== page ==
By Alisyn Amant, University of Wisconsin School of Veterinary Medicine
WVMA member Dr. Lisa Borzynski was given the opportunity of a lifetime in July 2021 when she traveled to Tokyo, Japan, as a Fédération Equestre Internationale (FEI) veterinarian for the Tokyo Olympics equestrian events. Originally scheduled for the summer of 2020, the Games were delayed after COVID-19 put a screeching halt to international events.
Dr. Borzynski, along with about 20 other FEI veterinarians, cared for and monitored the health and welfare of the Olympic competitors throughout their preparation and events. As soon as the horses arrived, the team went through a health and logistics checklist.
Not only did they examine each horse for signs of contagious diseases, but also for their equine passports, an FEI requirement.
“We checked temperatures, pulse, and respiration,” Dr. Borzynski said during a webinar in October 2021, hosted by the Illinois Dressage and Combined Training Association, where she shared her Olympics experience. “We looked for any cough, nasal discharge – anything that might be contagious. We have very strict biosecurity rules. They are required to have influenza vaccinations, so we had to check that. We made sure they didn’t look any worse for wear from their travel. And that was just the arrival exam before we even started the competition.”
Throughout the training and competitions, Dr. Borzynski and the other veterinarians monitored the horses, many of whom were in their teens and had already attended multiple Olympics. Dr. Borzynski emphasized the importance of watching for signs of overheating, fatigue or injury before, during and after an event to ensure the wellbeing of the animals. They even had access to thermography cameras to quickly measure a horse’s body temperature, a vital technology in the midst of the hottest months of the summer.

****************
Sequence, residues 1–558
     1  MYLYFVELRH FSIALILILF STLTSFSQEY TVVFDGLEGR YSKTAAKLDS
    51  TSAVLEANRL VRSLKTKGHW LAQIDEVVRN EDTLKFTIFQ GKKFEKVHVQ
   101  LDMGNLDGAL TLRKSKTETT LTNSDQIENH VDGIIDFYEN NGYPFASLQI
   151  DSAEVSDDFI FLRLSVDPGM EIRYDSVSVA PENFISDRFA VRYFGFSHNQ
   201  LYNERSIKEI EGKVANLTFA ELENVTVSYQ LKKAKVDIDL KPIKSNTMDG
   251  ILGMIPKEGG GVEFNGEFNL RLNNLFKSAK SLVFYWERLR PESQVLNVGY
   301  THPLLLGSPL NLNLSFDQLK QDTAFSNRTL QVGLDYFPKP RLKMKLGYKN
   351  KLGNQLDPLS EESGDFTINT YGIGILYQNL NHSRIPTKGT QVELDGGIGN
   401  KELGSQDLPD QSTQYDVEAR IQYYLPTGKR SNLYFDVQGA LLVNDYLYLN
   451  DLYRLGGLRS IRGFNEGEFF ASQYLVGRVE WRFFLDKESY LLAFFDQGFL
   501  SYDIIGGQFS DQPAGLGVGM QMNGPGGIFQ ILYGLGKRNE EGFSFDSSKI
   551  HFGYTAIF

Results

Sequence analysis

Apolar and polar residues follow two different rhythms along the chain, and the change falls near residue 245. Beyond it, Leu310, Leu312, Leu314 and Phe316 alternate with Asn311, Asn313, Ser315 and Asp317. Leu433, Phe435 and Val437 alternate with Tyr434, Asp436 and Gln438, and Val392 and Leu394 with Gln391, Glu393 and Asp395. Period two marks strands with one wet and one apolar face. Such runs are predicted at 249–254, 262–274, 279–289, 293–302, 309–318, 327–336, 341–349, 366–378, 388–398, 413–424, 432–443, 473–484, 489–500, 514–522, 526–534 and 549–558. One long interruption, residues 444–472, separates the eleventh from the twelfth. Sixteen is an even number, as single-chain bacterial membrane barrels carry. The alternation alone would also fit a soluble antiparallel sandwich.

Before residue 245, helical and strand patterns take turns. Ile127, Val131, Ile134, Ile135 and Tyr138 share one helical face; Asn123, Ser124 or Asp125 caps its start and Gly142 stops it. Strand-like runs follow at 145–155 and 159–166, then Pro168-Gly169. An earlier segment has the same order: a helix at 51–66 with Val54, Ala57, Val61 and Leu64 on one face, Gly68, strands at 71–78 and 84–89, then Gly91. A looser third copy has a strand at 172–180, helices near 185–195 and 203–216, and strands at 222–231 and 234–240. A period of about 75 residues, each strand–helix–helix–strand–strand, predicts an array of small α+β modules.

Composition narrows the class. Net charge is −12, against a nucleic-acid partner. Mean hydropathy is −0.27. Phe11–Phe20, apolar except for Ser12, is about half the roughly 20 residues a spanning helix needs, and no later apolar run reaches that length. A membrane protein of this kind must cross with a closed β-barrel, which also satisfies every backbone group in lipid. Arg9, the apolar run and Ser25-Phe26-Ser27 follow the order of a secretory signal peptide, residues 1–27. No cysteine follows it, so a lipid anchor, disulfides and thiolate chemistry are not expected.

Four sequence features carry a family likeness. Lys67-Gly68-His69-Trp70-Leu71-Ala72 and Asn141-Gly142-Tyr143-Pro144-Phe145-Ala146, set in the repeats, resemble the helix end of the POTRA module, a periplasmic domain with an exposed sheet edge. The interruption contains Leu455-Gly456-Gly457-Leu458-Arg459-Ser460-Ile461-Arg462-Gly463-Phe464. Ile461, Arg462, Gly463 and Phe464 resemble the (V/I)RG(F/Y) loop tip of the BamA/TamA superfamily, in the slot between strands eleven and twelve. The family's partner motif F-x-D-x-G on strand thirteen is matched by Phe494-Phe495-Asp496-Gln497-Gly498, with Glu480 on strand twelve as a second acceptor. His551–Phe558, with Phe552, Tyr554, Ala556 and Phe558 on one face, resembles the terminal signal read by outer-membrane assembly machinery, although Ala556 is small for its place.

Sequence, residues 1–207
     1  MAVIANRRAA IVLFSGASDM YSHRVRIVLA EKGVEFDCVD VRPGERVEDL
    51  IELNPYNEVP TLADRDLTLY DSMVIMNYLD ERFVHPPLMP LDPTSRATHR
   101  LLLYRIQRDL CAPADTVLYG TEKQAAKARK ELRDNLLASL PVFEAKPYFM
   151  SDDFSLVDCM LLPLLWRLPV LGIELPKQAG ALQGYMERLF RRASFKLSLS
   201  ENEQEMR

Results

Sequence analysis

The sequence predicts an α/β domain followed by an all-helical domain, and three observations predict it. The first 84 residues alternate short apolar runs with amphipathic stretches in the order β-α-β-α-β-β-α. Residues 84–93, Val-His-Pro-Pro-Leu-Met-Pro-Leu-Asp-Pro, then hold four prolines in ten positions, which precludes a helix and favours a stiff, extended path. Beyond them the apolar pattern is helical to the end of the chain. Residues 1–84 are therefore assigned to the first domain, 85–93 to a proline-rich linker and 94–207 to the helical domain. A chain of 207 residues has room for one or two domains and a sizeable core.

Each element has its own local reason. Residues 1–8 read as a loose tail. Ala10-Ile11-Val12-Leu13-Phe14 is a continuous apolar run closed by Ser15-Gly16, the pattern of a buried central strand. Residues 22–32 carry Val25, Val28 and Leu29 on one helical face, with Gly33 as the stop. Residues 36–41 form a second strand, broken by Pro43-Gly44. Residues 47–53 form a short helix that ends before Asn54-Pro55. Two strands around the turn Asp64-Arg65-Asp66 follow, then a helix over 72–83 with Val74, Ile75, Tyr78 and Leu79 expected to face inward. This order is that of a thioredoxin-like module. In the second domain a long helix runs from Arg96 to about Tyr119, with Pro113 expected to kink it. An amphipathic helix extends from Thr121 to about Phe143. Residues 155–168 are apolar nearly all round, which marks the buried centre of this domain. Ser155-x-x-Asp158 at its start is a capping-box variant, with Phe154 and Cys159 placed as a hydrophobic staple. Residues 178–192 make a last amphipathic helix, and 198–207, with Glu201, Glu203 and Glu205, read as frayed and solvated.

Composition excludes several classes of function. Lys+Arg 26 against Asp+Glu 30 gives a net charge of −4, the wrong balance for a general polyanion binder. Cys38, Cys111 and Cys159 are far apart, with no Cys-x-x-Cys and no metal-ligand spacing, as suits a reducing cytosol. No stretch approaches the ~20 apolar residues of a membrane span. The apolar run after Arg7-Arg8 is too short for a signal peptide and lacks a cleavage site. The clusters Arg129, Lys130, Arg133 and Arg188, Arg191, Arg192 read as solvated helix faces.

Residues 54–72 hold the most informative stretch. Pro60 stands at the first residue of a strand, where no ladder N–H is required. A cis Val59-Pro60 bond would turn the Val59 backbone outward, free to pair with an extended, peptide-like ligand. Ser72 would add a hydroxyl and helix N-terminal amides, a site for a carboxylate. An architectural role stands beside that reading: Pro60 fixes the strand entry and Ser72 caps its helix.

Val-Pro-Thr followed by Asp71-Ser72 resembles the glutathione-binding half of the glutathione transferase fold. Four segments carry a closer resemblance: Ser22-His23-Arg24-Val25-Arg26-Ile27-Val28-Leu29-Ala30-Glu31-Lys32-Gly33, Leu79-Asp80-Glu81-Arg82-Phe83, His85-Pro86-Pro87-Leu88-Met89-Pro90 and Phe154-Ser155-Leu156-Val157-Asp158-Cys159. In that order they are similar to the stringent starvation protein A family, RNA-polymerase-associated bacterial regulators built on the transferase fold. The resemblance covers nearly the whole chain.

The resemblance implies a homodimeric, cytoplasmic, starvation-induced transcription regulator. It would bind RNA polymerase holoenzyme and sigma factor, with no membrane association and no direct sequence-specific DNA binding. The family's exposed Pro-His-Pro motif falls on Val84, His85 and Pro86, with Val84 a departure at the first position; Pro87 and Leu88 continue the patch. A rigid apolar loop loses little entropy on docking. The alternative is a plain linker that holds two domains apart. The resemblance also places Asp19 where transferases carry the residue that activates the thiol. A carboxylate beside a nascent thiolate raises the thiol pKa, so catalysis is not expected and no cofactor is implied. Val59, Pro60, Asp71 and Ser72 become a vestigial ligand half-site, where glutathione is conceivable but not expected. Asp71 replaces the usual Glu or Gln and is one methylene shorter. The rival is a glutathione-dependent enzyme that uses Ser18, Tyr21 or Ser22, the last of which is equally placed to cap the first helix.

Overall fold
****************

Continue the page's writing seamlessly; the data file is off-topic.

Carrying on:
“Before they started competition, we jogged them to make sure they were sound enough to compete. The head veterinary delegate led the process, on the lookout for swollen tendons or ligament injuries,” she added. “We also watched them throughout the competition. In the eventing, we saw them throughout the dressage, in their warm-ups for cross country, and we had veterinarians at every jump on the cross country. Then they had to jog again before the show jumping.”
Horses and veterinarians alike were happy with the facilities and amenities provided by the Japanese Olympics officials. The equestrian park, Baji Koen, spans 45 acres in the heart of Tokyo, with eight new air-conditioned barns. Grazing areas gave the equine competitors much-needed resting spots.
“We were very lucky that we had Tokyo 2020, even though it was held in 2021,” Dr. Borzynski said. “There was a lot of discussion up until the week before of whether or not it was going to happen. So, all of us there were very, very grateful and thankful that we actually got to make it.”
Throughout the duration of her stay in Tokyo, Dr. Borzynski treasured the memories made with the horses and the people behind them. A sense of international cooperation and communal spirit has stuck with her, long past her arrival back in the United States.